Monday, September 17, 2012

Limbless Climber, Snakes in the Trees

Tiny serpent, fierce display. Juvenile black rat snake.

Rat snakes today are often encountered around structures - barns, abandoned houses, even occupied homes in rural settings. Of North Carolina's 30-40 native snakes, the black rat snake is probably one of the least-maligned; perhaps because the adults' dark, generally patternless form is not immediately associated with its venomous kin in the mind of the casual observer. 

This juvenile has not yet transitioned to its darker garb, but at it has inherited its forebears' arboreal habit.

Long before there were hen houses and rodent-filled haylofts to climb, the black rat snake was pursuing its prey (or escaping its pursuers) in the treetops.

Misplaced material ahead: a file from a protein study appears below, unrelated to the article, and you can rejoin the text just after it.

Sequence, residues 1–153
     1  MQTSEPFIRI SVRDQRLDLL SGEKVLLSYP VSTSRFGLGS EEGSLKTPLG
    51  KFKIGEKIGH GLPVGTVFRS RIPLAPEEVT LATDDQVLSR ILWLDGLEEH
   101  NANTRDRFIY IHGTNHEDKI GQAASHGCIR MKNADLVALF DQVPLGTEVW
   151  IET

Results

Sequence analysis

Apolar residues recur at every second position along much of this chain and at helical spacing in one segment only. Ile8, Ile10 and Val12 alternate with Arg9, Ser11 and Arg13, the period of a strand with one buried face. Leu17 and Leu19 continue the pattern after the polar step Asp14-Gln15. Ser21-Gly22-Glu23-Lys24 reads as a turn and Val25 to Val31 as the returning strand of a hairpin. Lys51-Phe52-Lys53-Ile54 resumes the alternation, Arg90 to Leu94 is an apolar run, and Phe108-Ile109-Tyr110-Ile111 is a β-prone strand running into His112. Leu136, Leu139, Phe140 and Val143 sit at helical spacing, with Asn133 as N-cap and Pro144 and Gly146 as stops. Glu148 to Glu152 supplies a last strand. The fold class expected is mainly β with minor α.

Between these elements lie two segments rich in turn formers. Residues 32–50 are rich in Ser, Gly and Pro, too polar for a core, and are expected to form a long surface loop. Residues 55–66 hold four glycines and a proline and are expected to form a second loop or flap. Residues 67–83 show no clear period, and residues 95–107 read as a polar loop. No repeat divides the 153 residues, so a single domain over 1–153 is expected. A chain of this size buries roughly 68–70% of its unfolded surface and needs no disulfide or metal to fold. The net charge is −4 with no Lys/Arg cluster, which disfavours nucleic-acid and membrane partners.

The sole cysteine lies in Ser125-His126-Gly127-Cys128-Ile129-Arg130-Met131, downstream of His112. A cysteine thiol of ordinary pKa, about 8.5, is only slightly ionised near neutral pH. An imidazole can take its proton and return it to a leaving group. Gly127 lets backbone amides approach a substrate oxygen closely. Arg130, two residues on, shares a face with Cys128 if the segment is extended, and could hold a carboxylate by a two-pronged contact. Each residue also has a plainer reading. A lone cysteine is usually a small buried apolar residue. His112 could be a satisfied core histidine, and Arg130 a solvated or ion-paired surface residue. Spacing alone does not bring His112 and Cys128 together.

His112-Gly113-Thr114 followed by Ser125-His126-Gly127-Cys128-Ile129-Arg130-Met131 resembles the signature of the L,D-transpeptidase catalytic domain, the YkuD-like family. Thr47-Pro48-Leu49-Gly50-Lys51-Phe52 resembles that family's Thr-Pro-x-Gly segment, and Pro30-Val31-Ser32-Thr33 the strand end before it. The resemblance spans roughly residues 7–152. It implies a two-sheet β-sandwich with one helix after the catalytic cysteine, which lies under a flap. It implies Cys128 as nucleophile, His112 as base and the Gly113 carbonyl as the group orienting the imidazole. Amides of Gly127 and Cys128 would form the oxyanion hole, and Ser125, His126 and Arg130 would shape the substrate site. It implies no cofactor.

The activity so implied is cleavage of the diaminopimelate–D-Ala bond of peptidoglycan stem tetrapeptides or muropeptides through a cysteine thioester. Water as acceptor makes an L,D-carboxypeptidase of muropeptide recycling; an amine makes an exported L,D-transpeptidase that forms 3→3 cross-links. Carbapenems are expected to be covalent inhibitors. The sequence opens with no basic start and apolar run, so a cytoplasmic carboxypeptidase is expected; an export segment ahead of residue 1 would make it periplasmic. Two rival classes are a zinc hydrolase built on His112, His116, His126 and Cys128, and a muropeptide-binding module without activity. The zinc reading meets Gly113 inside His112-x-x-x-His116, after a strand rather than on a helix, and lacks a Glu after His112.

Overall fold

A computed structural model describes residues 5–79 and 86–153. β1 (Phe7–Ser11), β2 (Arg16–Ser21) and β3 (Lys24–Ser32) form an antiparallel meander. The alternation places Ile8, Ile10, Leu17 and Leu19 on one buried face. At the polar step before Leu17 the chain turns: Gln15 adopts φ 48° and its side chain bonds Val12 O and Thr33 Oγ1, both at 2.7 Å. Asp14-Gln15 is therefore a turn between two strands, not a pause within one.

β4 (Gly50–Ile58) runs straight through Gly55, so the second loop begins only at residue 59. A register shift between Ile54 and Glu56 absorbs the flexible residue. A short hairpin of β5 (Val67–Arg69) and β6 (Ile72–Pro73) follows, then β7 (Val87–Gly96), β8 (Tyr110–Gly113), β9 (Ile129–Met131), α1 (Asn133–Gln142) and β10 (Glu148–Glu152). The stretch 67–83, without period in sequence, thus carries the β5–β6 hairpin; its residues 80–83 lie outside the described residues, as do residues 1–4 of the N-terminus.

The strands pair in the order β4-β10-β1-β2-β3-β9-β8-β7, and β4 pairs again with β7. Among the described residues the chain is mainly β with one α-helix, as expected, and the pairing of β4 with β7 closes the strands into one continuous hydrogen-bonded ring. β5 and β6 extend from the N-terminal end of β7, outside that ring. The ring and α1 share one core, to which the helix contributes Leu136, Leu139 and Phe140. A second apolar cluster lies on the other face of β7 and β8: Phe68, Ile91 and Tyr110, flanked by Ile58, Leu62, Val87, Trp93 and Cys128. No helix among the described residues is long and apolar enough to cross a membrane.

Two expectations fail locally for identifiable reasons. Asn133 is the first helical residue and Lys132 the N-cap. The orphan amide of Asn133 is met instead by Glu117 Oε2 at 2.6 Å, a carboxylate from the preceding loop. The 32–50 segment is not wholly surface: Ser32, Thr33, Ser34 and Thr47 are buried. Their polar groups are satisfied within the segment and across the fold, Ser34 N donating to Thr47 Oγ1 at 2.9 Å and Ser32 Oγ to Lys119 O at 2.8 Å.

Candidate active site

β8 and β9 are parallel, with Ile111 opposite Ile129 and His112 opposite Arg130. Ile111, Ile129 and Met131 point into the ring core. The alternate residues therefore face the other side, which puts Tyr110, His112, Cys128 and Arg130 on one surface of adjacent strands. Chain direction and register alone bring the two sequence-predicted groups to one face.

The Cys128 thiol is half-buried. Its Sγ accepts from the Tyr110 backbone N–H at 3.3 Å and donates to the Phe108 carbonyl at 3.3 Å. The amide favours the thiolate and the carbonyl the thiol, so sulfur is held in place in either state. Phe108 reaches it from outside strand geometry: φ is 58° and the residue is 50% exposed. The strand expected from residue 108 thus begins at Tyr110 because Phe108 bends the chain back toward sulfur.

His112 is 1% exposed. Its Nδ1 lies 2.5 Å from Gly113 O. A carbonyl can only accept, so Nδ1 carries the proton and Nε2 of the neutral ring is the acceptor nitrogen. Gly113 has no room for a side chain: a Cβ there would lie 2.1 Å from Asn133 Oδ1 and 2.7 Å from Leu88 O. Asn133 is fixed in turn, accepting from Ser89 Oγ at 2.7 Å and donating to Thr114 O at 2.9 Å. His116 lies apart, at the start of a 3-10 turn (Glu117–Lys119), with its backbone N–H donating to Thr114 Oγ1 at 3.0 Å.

As this youngster demonstrates, no limbs are no impediment for this reptilian, giving the term "scale a tree" a different twist. 

What goes up, must come down; an adult black rat snake demonstrates a typical limbless descent.

Whether flitting through the foliage or gliding gracefully along the ground, the black rat snake must daily make the most of dramatic habitat changes throughout its historic range if it is to reach the age of sexual maturity and do its part to perpetuate the species.


  1. Yes, people look at me like I'm crazy when I tell them snakes can climb trees.
    We have them not only climb trees but come down our chimney to shed their skins.

  2. Nature finds a way. Bird eggs and nestlings are an important part of the diet for black rat snakes. Ecologists say that the red cockaded woodpecker excavates its nest from living long leaf pines so that the prodigious amounts of actively running sap will deter snakes.